"This album, it shows the growth of the past two years. I'm 17 now. So, I've grown in a lot of ways. And this album, I think it shows a lot of my vocal range," Aaliyah told the AP while speaking on developing her sound for the project.  "I took a lot of risks on this album. I tried different things. And that's the main change from the two albums."

Aaliyah's shift in her sound resulted in some standout commercial wins. There were a staggering six singles released from One in a Million: "If Your Girl Only Knew," "One in a Million," "Got to Give It Up," "4 Page Letter," "Hot Like Fire," and "The One I Gave My Heart To." The latter eventually peaked at No. 9 on the Billboard Hot 100 chart, making it the highest-charting single from the album. The remaining tracks saw varying degrees of success in both the U.S. and internationally — with "If Your Girl Only Knew" topping the Hot R&B/Hip-Hop Songs and "One in a Million" topping the R&B/Hip-Hop Airplay.

THE LOOK

While her fashion remained a key piece of her overall creative narrative as an artist throughout her career, Aaliyah's style transcended in the One in a Million era. She elevated her aesthetic with the assistance of her stylist and costume designer Derek Lee. As his first project with her, Lee styled Aaliyah's "One In A Million" music video after the two had a chance encounter in Santa Monica, California, just days before shooting the video in Los Angeles.

"[Aaliyah's] look was already established in a certain sense, but I wanted to start a progression. Prior to One In A Million, [her look] was definitely younger, her look was her age. Now, when we get to One in a Million, it's still her age, but it shows a little bit more of a maturity as well," Lee told GRAMMY.com.

Much like her album cover shoot, which featured moody shades of black, concrete gray, merlot, and the grey-green paint of the subway platform, Aaliyah's One in a Million era was often framed around a dark styling narrative that reflected her favorite colors and fabrics, including her affection for leather pieces.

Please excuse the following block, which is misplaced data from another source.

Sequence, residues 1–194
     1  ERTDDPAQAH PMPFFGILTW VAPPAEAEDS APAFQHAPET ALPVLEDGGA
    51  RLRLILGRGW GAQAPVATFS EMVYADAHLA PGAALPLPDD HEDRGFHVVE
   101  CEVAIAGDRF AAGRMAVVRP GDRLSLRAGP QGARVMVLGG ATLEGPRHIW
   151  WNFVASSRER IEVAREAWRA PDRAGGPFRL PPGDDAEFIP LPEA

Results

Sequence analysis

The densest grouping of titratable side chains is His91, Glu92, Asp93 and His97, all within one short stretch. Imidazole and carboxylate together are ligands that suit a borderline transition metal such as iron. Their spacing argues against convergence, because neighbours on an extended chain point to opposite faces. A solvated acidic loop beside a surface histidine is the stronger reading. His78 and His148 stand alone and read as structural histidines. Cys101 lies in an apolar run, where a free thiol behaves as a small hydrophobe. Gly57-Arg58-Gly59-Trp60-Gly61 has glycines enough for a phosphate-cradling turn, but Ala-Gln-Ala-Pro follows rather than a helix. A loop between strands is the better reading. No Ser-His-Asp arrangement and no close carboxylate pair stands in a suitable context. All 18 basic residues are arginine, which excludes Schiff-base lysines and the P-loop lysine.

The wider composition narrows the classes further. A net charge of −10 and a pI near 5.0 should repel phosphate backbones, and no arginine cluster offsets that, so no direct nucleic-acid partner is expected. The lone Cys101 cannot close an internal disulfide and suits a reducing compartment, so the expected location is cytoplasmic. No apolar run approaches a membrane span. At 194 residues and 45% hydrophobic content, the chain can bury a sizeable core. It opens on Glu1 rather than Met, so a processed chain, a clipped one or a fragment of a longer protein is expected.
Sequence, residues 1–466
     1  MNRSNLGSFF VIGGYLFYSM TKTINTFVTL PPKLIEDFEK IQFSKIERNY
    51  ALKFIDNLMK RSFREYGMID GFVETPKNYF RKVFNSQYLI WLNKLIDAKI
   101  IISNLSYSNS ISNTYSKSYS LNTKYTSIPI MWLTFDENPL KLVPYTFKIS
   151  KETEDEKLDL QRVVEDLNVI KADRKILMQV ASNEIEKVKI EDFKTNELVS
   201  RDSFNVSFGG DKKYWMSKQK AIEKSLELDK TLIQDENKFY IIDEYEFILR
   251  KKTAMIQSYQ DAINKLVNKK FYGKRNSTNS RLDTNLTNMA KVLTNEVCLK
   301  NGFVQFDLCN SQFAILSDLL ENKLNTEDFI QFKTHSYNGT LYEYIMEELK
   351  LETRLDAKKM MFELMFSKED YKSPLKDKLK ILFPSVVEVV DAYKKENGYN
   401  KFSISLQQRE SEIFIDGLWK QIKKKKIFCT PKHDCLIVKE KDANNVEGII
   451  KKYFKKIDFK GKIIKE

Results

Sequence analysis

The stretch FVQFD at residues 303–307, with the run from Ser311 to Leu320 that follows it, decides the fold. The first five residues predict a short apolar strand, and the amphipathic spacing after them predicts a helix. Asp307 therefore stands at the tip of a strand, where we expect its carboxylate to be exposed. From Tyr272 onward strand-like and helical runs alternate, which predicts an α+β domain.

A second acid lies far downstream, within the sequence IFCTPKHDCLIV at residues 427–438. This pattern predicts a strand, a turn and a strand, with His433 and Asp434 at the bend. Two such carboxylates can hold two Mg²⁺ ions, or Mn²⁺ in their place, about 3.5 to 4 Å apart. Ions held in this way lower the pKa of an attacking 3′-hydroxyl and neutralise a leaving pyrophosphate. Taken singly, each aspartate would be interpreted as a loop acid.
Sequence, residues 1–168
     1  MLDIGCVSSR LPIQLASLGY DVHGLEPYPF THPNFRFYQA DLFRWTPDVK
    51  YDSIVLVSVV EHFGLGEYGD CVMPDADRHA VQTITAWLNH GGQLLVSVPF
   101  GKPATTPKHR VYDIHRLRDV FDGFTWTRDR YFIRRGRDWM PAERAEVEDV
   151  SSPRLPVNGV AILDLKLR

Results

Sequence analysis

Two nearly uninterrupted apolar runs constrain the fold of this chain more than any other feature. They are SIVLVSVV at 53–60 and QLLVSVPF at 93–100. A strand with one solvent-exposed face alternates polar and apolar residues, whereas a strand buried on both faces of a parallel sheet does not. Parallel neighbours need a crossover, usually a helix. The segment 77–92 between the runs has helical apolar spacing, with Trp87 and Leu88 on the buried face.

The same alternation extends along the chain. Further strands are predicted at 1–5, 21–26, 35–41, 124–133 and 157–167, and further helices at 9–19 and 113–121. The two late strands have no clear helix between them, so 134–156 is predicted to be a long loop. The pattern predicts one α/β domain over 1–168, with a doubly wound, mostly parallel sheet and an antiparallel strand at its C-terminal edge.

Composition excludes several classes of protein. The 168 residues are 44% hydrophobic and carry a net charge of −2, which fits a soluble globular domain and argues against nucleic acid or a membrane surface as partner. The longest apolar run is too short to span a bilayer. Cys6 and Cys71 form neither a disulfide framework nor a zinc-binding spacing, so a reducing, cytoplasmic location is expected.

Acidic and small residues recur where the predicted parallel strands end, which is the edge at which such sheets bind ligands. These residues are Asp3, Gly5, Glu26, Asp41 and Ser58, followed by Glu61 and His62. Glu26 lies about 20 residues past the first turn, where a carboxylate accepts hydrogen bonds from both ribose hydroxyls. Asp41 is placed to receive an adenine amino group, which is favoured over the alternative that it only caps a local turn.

"It was easy to make black stuff look cool and hard and sexy at the same time. One of her favorite colors was black. She liked it. She felt comfortable in it. It was easy to feel,"  Lee said. "One thing with Aaliyah is that her biggest accessory was her swag. She sold confidence, and the color black just enhanced it."

Aaliyah opted for minimal outfit combos consisting of one to three pieces that were fuseless and easy and in no way distracted from her presence on stage or on camera: See her oversized leather-coat-and-pants combo she wore during an appearance on "Live With Regis and Kathie Lee," her looks on the her "One in a Million" and "4 Page Letter" music video, and the metallic boiler suit Lee hand-painted and airbrushed for her performance on "The Tonight Show with Jay Leno."

"She was so sweet and just regular, when you're sitting there with her and kicking it with her. But soon as she gets on stage, she's this persona, which is her, honestly. She turns up that swag so much that you don't really want anything to distract from it because it shined so bright," Lee said of Aaliyah's looks, which regularly played with proportions by pairing oversized pants with mid-drift-baring T-shirts, bra tops and crop tops. "That was always on purpose. Even though she was dressed cool, it wasn't so over­ the ­top where you weren't still paying attention to what she was doing."